Then comes the question of reinfection. There is scattered evidence that antibodies in mild to moderate cases last for only a few months - which would mean these individuals would be susceptible to a second wave, as we have also seen in specific people getting infected ‘again’.
For instance, a report in The Guardian from 12 July quoted a King's College London study that found a steep drop in antibody levels in patients three months after recovering from COVID-19.
If immunity itself is short-lived, herd immunity as a defence doesn’t work.
With these questions still remaining about the virus, its spread and immunity, would it be wise to assume we are achieving herd immunity, and by extension, returning back to ‘normal’?
Dr Shahid Jameel, a virologist, warns against such complacency and says it could be quite ‘dangerous’.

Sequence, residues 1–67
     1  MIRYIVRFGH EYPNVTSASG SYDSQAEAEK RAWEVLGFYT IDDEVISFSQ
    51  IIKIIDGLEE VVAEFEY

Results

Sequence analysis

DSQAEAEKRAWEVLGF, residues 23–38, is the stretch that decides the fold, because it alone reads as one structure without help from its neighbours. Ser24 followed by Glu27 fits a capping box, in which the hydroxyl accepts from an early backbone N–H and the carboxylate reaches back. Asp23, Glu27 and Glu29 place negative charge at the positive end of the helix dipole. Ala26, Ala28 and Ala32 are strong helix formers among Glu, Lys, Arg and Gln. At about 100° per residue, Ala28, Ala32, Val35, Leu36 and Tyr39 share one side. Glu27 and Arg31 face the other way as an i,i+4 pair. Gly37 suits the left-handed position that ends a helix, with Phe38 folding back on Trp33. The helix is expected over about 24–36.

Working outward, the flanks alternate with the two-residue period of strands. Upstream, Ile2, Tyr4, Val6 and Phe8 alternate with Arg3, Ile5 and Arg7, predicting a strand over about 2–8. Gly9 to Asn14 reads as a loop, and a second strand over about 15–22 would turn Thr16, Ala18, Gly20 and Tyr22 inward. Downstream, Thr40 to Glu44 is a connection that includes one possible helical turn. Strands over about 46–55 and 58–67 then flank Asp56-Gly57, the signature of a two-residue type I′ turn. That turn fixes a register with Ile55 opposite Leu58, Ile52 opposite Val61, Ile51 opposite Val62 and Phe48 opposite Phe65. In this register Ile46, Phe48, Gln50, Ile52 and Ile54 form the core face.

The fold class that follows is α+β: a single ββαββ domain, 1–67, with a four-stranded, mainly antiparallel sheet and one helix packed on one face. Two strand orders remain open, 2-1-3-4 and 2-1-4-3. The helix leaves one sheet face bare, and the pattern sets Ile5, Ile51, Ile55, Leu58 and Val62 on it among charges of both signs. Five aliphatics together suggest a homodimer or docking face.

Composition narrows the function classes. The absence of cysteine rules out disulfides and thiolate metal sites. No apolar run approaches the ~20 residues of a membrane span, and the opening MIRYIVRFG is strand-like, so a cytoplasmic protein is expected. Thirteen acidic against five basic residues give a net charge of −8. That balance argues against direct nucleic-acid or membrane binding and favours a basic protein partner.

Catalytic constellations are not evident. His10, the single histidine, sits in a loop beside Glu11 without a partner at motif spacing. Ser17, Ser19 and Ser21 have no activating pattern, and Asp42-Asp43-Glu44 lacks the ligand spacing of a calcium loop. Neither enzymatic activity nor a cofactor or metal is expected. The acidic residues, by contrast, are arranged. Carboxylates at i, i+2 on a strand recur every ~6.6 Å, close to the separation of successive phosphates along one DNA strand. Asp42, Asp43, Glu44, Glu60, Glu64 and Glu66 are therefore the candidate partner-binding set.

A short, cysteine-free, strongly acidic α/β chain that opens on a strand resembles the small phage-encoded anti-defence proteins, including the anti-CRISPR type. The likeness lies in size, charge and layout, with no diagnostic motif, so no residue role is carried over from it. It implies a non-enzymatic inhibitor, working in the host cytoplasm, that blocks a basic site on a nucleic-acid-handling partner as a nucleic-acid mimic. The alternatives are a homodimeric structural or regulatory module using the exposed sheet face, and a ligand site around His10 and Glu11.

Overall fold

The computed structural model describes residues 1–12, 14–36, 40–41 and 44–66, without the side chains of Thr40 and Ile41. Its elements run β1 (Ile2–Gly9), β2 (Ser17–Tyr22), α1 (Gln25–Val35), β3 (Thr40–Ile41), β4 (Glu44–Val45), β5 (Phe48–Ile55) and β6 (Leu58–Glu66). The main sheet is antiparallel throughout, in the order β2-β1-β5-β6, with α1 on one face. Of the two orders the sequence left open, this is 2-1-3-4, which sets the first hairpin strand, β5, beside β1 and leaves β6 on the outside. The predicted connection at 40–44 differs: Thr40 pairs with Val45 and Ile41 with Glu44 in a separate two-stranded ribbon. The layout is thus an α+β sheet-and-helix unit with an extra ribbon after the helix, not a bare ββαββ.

“Moving towards herd immunity is an incomplete statement. We all know we will eventually reach that phase. But till the time we don’t know the specifics such as the percentage of the population that needs to be immune or how long this ‘immunity’ lasts, we are not out of the woods. Look at Kerala for instance. The state is now seeing another wave of infection.”Dr Shahid Jameel
The devastating effects of the contagious virus, especially on people above the age of 60 and those with comorbidities, is reason enough to continue to take its containment seriously.
In Dr Reddy’s words, “With multiple questions hanging around this new virus, I don’t think we can place our bets on this herd immunity to get us out of trouble.”